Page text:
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Flamborough (John Knaggs) I: 24 August

FJK140824a It’s not yet September and autumn is already knocking at the door, with chilly nights and a dusting of frost on the fields. And on a clear, bright morning like today there’s a sharpness to everything, as though God’s adjusted his binoculars and brought the world into focus. (And then it rains.)

FJK140824bA few weeks ago, when I realised I had to go back and re-knit the sleeves on the denim gansey, I decided to make a start on my next project, just for a change. I’ve kept it going since then, on and off, whenever the urge to put the denim one into the woodchipper grew too strong. As a result, now I come to unmask my batteries, I have eleven inches of welt and body under my needles, and suddenly it doesn’t seem so daunting.

It’s for my old friend Derek, whom I’ve known for over forty years (and if that thought doesn’t send me back to the bottle of Old Pulteney tonight, nothing will) – and will hopefully be a Christmas present for him (unless I get side-tracked again, in which case he’s likely to get it for Easter).

TJohn-Knaggshe pattern is John Knaggs’ from Flamborough Head, and is taken from Rae Compton, page 54. It consists of alternating bands of “birds e’en and a narrow rib with stocking stitch edge and one repeat of a basket stitch pattern in the centre”. (And if that sounds a bit too much like modern jazz you can do what I did and look at the pattern chart instead!)

This is something of a departure for me (there are no cables, for one thing), but I’ve always liked the look of it. Rae Compton suggests that the pattern “recalls a time when patterns were simpler”, but the interesting thing is just how busy, by which I mean fiddly, it is to knit—simpler doesn’t mean easier! The maximum number of plain stitches side by side you ever get is four: the rest of the time almost every stitch alternates between knit and purl. You have to pay attention.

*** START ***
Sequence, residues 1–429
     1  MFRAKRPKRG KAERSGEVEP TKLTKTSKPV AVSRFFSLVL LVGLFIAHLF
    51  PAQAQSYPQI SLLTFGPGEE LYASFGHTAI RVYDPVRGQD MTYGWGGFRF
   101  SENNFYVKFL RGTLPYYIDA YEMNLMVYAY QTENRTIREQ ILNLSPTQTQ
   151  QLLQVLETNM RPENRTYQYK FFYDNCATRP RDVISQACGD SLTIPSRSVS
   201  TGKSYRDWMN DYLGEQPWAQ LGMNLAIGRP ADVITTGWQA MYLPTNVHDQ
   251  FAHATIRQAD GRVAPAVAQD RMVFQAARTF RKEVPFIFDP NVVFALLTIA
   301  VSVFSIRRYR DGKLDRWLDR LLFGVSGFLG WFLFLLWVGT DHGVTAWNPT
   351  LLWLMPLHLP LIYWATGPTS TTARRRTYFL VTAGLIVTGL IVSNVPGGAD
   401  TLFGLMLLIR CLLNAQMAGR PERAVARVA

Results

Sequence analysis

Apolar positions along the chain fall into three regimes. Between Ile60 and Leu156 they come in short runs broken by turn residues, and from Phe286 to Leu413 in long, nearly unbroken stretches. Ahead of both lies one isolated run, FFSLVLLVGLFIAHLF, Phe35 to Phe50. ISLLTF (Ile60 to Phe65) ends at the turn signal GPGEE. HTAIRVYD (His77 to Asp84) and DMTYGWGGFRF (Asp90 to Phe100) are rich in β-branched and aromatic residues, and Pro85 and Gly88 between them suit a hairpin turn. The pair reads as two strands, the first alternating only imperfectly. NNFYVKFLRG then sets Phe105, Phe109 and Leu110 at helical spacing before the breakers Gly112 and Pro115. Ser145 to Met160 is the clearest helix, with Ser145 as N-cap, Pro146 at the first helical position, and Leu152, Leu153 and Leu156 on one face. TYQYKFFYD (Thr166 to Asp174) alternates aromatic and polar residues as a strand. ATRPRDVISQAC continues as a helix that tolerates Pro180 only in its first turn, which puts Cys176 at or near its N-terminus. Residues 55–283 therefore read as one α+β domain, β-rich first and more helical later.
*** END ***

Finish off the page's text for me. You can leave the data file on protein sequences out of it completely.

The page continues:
The texture is different too, with so much seed stitch; there are times when it feels like I’m knitting a tote bag. (The ribs give it a pleated effect, as though I’m knitting a concertina; I can’t help thinking I should be able to play “Over the Hills And Far Away” while I knit.)

Dfinal1

Gordon and the Rainbow

As for the denim gansey, I’m delighted to say that it’s finally finished—re-knit, washed and blocked. We went up to John O’Groats on Saturday for the photo shoot (yeah, give it to me, oh yeah, that’s the way, baby), dodging the squally showers. A strong wind was blowing in off the sea, and watching the tourists trying to photograph each other in the gale I realised that the famous signpost was most useful as an anchor, if not a windbreak.

FJK140824c

The Isabella heads out to sea

What else? Oh yes, my collection of fantasy short stories, The Dragon of Stroma and Other Tales, will be free until this Friday from the Amazon kindle store.

Finally, many congratulations once again to Judit for another spiffing gansey, this time in violet, with a very effective pattern, and once again measured entirely by eye. (It was knit for another of her doctors, thus reinforcing my view that Finland is a country where the doctors are all as rugged as the landscape…)

18 comments to Flamborough (John Knaggs) I: 24 August

  • Gail Donkin

    Stunningly good pic of Gordon, enhanced by the gansey and the rainbow! Congratulations!